Alasdair Spinner, one of our Senior Recruitment Consultants, is currently travelling across Australia meeting with healthcare providers around the country. He’s writing a series of blogs detailing his journey, sharing his experience, knowledge, and useful insights into how to achieve the dream of living and working as a Doctor in this fantastic destination.
Location: Departure Lounge, Townsville Airport, Queensland
I’m in Townsville, which is in the tropical coastal region of Queensland. I have visited healthcare providers in Adelaide, Sydney, the NSW Central Coast, Noosa in QLD, Gladstone, Rockhampton and Mackay. I’ll be on board a flight to Mount Isa soon. Mount Isa is a town close to the western border of the state. The flight there takes one hour and forty minutes, and I’ll still be in Queensland – but very close to the Northern Territory – when I land.
Next to my gate, subdued workers are boarding a flight to the Cannington Mine airstrip at the end of their FIFO shift.
Communicating a sense of the scale of distance between communities in Australia – including changes in culture and lifestyle – is very important when discussing job opportunities to IMGs (international medical graduates). Even after living here, I still find some of the distances and remoter parts of Australia mind boggling. The changes in mind set and characteristics of people can be subtle and they can also be obvious. The charms and joys of regional areas can be as attractive as the major metropolitan cities with doctors rewarded in many ways and not just with extremely lucrative salaries.
Mount Isa is one of the more remote locations we have recruited Consultants to. One of my meetings today will be with an Emergency Medicine Doctor from the UK who my colleague Caroline sourced for the hospital.
Other remote destinations we have placed Consultants in include Katherine (8 hour drive from Darwin) in the Northern Territory, and Kalgoorlie (2 hour flight from Perth) in Western Australia. People who have not travelled to Australia before can often struggle to picture the distances involved. One doctor in the UK told me he had plenty of experience working in very rural areas – it took him 20 minutes to drive there from their metropolitan home. When I discussed an 8 hour drive to a referral hospital in Australia, there was a stunned silence on the end of the phone. Consider this: Darwin is closer to Jakarta then it is to Canberra. It takes 5 hours to fly to Sydney from Perth.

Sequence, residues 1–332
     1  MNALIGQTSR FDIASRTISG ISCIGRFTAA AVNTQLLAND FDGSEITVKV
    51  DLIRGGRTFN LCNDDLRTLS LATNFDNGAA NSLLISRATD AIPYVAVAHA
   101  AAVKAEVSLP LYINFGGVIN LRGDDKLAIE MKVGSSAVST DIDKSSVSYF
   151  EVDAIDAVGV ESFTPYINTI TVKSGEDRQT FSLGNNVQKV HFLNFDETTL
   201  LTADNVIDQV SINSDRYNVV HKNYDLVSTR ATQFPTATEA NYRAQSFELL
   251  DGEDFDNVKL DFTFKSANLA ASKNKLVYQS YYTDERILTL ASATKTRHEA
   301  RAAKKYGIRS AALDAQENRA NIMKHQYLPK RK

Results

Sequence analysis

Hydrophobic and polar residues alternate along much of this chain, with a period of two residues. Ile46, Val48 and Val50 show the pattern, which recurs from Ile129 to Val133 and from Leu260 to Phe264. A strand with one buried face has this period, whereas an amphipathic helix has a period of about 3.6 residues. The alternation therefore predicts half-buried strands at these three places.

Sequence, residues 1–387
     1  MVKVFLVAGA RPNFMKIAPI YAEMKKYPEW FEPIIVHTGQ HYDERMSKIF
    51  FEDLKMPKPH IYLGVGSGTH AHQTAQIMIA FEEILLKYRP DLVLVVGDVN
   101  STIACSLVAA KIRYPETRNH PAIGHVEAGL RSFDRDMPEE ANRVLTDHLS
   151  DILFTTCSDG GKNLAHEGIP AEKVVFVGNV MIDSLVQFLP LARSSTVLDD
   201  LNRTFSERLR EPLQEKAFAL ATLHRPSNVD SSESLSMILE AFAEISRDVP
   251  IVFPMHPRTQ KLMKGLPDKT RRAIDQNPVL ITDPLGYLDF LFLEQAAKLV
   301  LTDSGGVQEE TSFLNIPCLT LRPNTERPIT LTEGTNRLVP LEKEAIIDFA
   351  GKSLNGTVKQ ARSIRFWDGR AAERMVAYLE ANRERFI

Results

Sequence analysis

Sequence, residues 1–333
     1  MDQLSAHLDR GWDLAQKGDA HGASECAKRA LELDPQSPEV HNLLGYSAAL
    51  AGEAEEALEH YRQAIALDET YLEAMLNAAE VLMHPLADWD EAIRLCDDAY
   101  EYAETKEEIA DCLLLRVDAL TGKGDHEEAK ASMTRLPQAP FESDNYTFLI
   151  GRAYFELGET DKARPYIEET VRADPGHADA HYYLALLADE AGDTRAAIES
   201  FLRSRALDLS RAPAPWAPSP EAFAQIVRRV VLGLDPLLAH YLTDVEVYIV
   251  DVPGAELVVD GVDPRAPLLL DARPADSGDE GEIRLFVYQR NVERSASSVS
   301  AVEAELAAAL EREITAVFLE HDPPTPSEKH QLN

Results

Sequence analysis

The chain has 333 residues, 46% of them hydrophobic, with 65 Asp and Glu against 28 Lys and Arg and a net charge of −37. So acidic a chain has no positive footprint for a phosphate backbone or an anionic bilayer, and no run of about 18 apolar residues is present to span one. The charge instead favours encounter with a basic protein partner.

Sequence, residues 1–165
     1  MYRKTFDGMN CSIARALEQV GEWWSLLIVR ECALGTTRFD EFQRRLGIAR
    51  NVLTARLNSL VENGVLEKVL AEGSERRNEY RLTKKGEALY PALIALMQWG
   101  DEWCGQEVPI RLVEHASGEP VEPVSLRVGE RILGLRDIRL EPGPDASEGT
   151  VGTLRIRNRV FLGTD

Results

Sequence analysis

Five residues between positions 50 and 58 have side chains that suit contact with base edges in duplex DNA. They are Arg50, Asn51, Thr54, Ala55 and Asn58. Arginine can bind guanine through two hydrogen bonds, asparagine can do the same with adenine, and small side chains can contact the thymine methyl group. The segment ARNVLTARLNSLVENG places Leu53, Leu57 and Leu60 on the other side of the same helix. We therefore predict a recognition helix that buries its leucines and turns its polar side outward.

I drove from the Gold Coast all the way up to Townsville. Mackay to Townsville took 4 hours in itself. The petrol station coolers are full of iced coffee drinks. Audiobooks in CD format still sell well as impromptu purchases as drivers realise they are more tired than they thought. I once knew a radio DJ in the late 1990s who hosted an all-night show in Sydney, funded by the government, whose sole purpose was to keep truck drivers awake all night to prevent them crashing into expensive civil infrastructure on their long drives. She did this by playing cheesy classic rock and holding phone in trivia quizzes.
Thankfully, since the Sydney Olympics in 2000 and the mining boom, domestic air travel and airport upgrades have transformed how people travel in Australia (and internationally) for fun and work. Whilst not as cheap as your budget airlines in the UK, flights are affordable and very convenient. I only drove to Townsville as I was stopping off in a lot of hospitals on the way.
Read Part One – Working in Australia
Read Part Two – The Important Stuff
If you’re interested in working overseas, why not take a look at our Doctor's Guides. Alternatively, you can search all of our current job opportunities.
For further information on Consultant opportunities in Australia, contact Eunan O’Brien on +44 (0)131 240 5271 / firstname.lastname@example.org, or Caroline O'Hagan on +44 (0)131 240 5252 / email@example.com
For further information on GP opportunities in Australia, contact Vicki McLaren on +44 (0)131 240 5263 or email firstname.lastname@example.org